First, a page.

This she simply would not tolerate so quite figuratively made every effort to put herself between Steph and the source of her woes. Despite Steph’s attempts to place Willow on all manner of comfy spots around the van Willow endeavoured to find herself right back where she started.
This dance would continue for 20 minutes or so until Willow, sure that this was a war to be won after a short break, found herself curled up asleep on Steph’s lap for the rest of the afternoon.
In the town of Kimba we got to see the Big Galah. Now, I couldn’t find any info on when or why the big galah came to be, but hear me out on this one for I have a theory.
The Big Galah is an intricately decorated and beautiful 8-metre-tall bird sculpture that stands outside a gift shop on the Eyre Highway. Well worth a visit and well worth a photo.
Now, down the road there so lies the ‘Halfway Across Australia’ sign where we also took a photo. Here is where I have a problem. Kimba is in no way measurably halfway across Australia by road or as the crow flies. If you check the map halfway by road lies in the town of Wirulla, 220km Westbound, and by crow lies in the Great Australian Bight.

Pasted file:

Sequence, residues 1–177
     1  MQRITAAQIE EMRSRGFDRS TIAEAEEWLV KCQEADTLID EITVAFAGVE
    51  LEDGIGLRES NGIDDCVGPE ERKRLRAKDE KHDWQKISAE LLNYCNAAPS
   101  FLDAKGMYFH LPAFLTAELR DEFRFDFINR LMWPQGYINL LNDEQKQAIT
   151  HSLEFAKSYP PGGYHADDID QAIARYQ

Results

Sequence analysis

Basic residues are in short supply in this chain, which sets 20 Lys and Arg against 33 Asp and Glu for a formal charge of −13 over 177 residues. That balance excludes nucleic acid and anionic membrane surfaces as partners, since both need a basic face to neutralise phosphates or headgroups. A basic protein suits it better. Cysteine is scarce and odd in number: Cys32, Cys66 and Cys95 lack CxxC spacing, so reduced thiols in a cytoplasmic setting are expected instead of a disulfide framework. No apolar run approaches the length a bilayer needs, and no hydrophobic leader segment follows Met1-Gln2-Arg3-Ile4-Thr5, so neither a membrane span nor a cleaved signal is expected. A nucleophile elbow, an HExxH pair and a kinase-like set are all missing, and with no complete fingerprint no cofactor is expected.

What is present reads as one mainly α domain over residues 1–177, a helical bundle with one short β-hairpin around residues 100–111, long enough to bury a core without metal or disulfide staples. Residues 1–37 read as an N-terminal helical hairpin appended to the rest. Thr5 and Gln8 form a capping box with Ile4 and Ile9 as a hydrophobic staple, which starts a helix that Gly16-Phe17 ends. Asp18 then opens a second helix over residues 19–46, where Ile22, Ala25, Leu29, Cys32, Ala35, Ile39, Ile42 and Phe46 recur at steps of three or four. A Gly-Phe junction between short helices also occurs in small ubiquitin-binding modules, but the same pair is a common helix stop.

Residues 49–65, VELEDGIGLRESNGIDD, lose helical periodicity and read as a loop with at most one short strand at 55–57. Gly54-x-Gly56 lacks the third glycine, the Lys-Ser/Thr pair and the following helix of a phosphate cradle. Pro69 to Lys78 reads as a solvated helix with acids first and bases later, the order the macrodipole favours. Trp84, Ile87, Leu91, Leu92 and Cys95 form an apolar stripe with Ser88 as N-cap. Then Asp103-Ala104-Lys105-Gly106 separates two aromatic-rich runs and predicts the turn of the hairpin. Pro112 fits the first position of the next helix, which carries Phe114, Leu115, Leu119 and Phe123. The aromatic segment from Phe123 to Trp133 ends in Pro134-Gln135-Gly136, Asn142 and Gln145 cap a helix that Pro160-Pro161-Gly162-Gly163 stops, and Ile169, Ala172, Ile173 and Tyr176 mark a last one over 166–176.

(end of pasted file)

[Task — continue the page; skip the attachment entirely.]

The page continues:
So here is my theory. Whoever decided Kimba was halfway across Australia shall not be forgotten for they have erected a statue in his honour, a massive effing galah!
A few days later we had completed our circuit around the Eyre Peninsula after 5 amazing weeks. It was now time to replenish our supplies in preparation for the next leg of our trip. We stocked up on canned goods, fresh produce, and all manner of snacks for the journey ahead.
As we were filling our water tank at the Whyalla showgrounds the most horrible thing happened. Steph had Willow outside as she sniffed around at the grass and buildings. Along side us pulled up a large camper bus and out popped a grotty looking man and his stinking dog. The man spotted Willow and assured us that his dog would never hurt a cat, which was of little comfort to us.
Though the man seemed to just want a chat, the unease crept through us as we watched his dog eye off Willow. As we stood there politely hoping he would make his point or just leave, the mutt leapt forward and took sprint at our poor little cat. Before I could think, I flew as hard as I could to put myself in between the hound and my beloved, and there and then the silly dog realised I meant business. I chased it behind their stupid bus as I waved the clueless owner to get out of our faces.
Now I’ll tell you that Willow was a little rattled but was over the ordeal well before Steph and I were, and I spent most of the afternoon thinking of all the words I ought to have said to that stupid man with his stupid dog in his stupid bus.
We now have zero tolerance policy regarding dogs around Willow. Restrain your dog or I will!
So this was it. The van was stocked, our fuel tank full, and us adventurers ready. Beside the road the earth reddened as we started our drive up the Stuart Highway.
Together, the three of us, into the outback.